Fortunately, traditional Network Packet Brokers have long been equipped with features to address exactly these kinds of shortcomings. It should be expected of any L2-4 NPB today to be able to perform VLAN tag removal just as the Cubro Packetmaster series does. This includes the ability to remove multiple VLAN tags; a lot of monitoring and security tools will handle VLAN tags without any issue. However, there could be an upper limit to how many tags any given device can process; perhaps one, maybe even two. Any tags beyond that number would need to be stripped prior to being sent to that device and this is a task network packet brokers can handle with ease. MPLS labels are another protocol header that network packet brokers can remove from traffic before it reaches any appliances for monitoring and/or inspection. Terminating network tunnels is yet another task that network packet brokers can handle and can be very important in both out-of-band and inline applications. For example, Cubro Packetmaster network packet brokers can all function as a GRE (Generic Route Encapsulation) endpoint. One of the many applications for GRE support in these packet brokers is to strip the GRE headers so the traffic can be consumed by monitoring and security tools. This is true of other supported tunneling protocols as well such as NVGRE, GENEVE, and VXLAN.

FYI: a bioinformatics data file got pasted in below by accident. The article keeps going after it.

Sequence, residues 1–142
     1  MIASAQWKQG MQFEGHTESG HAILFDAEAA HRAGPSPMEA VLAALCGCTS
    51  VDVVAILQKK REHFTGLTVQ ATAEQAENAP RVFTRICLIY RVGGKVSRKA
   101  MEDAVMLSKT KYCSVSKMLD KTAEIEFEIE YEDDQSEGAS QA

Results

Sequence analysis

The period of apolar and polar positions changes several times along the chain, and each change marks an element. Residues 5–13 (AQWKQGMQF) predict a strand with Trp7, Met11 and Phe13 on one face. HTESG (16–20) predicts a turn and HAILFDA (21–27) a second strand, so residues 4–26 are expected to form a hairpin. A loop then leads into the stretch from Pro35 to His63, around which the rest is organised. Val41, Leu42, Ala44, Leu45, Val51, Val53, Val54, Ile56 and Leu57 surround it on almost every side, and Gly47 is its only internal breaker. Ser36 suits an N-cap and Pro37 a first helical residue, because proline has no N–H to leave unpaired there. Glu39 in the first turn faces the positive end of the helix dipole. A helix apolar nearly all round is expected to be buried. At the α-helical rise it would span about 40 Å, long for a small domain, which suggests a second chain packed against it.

GTP (GPRS Tunneling Protocol) is the critical family of tunneling protocols that mobile networks use to transport signaling, control plane, and user plane data between the core network and various other nodes of the network (depending on the data type). Each GTP tunnel can contain hundreds of individual IP streams and for these to be monitored and/or analyzed the GTP tunnel must be stripped away; a feature that the Cubro Sessionmaster EXA40 and EXA24160 provide. Incidentally, these advanced network packet brokers can also perform correlation of user and signaling plane data to create a comprehensive picture of the traffic to monitoring systems, but more of that in Part 2.
Packet slicing, which admittedly has nothing to do with encapsulated traffic, is something I want to mention because it fits the spirit of the conversation (in so far as eliminating extraneous data to increase the tool’s performance). Let’s say for instance that we have encrypted traffic on our network (we can expect that we certainly will) and we don’t have access to the keys used for encryption. In this case there is no way for us to decrypt the encrypted portion of the traffic. Some examples of this could be a TLS session where we don’t control the cert or someone using PGP to encrypt their email. In both cases we should have usable headers up to Layer 4 and with PGP only a portion of the payload will be encrypted. Using packet slicing we can discard the encrypted portion of the traffic while retaining any header information that is visible for our monitoring tools. This reduces processing to a degree but, more importantly, in situations where traffic is being recorded to disk, drastically conserves available storage space. This isn’t to suggest that an organization will always discard the encrypted portion of the traffic, but it is a nice option to have.